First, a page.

Rails 5.1 introduced encrypted secrets, which gives you two places to put your secrets — secrets.
Rails 5.2 replaces both secrets with encrypted credentials. You cannot use plain text credentials.
To use encrypted credentials, you need a key. Without this encryption key, you won’t be able to decrypt your credentials. It’s safe to commit the encrypted file to your repository but you should never commit the encryption key.
The key, located
The encrypted credentials are saved
Your text editor will open an unencrypted version of your credentials. If you don’t have EDITOR set, you can
EDITOR=vi bin/rails credentials:edit
After saving the file, the encrypted version will be saved
Reading the Credentials
If you want to use the credentials in the production environment, add the following to
config.require_master_key = true
You can access the credentials with Rails.application.credentials. For example, if you
You can use any valid YAML on your credentials. Rails
You can access these credentials with
There’s nothing stopping you from
You can access the credentials
Advantages of Encrypted Credentials
First the obvious: your credentials are encrypted. No one will be able to decrypt your credentials without the key.
The encrypted credentials are saved in your repository. You’ll have a history of the changes and who made them.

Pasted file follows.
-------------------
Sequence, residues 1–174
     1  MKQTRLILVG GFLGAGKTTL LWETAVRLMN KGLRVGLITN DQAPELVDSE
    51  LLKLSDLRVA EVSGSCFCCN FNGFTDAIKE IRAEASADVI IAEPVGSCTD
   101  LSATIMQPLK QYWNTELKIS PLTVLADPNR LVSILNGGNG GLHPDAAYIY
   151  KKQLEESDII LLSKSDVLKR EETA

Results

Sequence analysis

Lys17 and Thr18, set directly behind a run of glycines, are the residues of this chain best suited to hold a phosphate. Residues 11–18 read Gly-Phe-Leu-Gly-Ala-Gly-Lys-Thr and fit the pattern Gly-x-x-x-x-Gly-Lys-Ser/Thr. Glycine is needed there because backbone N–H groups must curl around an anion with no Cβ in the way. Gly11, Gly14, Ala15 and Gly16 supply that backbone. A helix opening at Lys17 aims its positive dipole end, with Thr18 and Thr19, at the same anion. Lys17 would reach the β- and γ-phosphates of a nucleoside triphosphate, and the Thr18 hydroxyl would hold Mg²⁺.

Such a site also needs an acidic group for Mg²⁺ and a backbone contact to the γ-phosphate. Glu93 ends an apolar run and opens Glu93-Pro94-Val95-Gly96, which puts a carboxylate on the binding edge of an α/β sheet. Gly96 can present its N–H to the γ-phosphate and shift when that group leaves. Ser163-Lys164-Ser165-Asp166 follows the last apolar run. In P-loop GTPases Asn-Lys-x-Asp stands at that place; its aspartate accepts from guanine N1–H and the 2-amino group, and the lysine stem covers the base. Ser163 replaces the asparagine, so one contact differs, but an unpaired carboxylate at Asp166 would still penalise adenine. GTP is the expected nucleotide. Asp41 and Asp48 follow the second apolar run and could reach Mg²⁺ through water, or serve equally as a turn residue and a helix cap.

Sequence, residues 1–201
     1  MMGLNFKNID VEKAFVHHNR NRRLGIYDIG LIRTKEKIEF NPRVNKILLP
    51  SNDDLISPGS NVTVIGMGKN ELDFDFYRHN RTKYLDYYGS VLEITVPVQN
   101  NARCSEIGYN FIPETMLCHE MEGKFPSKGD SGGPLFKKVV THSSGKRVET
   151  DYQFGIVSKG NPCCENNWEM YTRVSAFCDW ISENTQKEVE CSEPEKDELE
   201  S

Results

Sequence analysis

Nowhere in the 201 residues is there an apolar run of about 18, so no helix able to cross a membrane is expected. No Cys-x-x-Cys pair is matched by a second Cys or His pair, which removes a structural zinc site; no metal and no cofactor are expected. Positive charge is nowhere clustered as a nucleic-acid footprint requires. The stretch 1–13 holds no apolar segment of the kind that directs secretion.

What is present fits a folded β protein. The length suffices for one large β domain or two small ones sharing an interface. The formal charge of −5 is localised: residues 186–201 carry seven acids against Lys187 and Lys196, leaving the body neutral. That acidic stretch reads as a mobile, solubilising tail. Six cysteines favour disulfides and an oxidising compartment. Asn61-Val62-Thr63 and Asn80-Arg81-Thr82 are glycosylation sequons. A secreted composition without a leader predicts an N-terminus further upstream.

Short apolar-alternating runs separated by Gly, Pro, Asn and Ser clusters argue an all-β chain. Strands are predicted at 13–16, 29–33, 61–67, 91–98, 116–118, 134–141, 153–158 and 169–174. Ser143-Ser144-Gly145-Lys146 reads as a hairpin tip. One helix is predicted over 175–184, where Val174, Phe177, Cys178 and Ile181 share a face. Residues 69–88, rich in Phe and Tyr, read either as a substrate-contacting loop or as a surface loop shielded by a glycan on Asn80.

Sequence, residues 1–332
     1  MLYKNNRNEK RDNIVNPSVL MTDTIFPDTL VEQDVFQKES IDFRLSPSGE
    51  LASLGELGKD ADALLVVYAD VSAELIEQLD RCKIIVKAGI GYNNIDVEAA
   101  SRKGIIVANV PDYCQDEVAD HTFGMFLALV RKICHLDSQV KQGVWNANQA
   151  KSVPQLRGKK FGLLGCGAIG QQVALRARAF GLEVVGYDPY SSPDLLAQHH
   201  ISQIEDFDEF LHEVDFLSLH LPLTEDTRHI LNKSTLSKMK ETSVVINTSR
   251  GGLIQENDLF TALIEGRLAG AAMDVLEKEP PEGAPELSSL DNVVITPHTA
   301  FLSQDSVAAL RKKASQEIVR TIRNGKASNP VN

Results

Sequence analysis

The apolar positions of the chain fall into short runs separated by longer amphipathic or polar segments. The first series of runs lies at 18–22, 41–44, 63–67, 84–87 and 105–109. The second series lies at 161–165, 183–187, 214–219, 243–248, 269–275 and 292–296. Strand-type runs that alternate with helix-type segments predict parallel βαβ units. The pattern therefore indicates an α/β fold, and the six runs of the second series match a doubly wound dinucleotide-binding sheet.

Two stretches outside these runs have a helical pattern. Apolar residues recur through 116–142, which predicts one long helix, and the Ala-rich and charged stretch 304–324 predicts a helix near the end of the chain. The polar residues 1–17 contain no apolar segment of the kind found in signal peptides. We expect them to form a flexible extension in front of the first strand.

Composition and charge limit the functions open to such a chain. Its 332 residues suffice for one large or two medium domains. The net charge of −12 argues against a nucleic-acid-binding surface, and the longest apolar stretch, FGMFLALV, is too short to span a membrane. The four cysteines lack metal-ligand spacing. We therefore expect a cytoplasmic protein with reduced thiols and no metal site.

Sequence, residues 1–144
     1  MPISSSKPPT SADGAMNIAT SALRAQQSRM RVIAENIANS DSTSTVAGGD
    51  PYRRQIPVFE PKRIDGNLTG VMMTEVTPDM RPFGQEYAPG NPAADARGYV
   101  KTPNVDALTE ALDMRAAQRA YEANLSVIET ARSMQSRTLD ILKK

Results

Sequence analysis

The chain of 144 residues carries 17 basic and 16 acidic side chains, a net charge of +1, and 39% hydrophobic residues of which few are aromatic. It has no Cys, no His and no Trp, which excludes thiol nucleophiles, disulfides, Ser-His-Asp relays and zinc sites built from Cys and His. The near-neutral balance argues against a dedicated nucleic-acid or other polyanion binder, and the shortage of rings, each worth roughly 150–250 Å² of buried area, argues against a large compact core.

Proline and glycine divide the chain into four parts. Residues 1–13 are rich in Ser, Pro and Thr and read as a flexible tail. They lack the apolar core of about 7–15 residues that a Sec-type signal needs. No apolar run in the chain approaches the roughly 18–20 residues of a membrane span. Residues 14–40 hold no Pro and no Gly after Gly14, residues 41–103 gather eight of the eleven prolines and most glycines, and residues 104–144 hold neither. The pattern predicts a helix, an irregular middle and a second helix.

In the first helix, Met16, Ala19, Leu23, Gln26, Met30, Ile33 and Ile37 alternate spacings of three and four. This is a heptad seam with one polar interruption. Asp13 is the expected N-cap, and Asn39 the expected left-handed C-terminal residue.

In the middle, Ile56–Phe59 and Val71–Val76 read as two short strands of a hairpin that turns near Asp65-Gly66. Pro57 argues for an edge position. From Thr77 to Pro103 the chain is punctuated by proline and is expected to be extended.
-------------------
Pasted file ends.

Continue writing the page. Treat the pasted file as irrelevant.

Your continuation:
You deploy new credentials together with your code. If you add code to access an API for example, you can deploy that code together with the token on credentials.yml.enc. Previously, you’ll have to make sure you add the environment variable before deploying the new code.
All secrets are in one location. Instead of managing multiple environment variables, everything is in one file.
Managing the Key
While using encrypted credentials provides a number of advantages over unencrypted secrets, we still have to find a way to put the key in place. Our options are similar to handling secrets pre-Rails 5.1. You cannot save the key to your repository because someone who can access your code can then decrypt the credentials.
Upload master.key securely.
scpor sftpthe file. In Engine Yard, you only have to do this once. When you scale your environment, the new servers will get a copy of master.key.
Upload the key to a shared directory. Shared here means shared between releases, not a shared filesystem. On each deploy, you symlink config/master.key to /path/to/shared/config/master.key. You can do this on a deploy hook on Engine Yard or in Capistrano.
If you need to give a developer a copy of the key, never send it via email (unless you’re using encrypted emails which most of us don’t!) You can use a password manager because they use encryption.
Put the key on the RAILS_MASTER_KEY environment variable.
In some cases where you can’t upload a file, this is the only option. Even though this is convenient, make sure you know the risks of using environment variables. The risks can be mitigated, but if you can upload master.key then use that option.
A Note on Secret Key Base
The key used to encrypt credentials is different from the secret key base. The key on master.key is used to encrypt and decrypt all credentials. It does not replace the secret key base.
The secret key base is required by Rails. If you want to generate a new secret key base run,
and add that to your credentials by
Encrypted credentials offer a few advantages over plaintext credentials or environment variables. Rails like many times in the past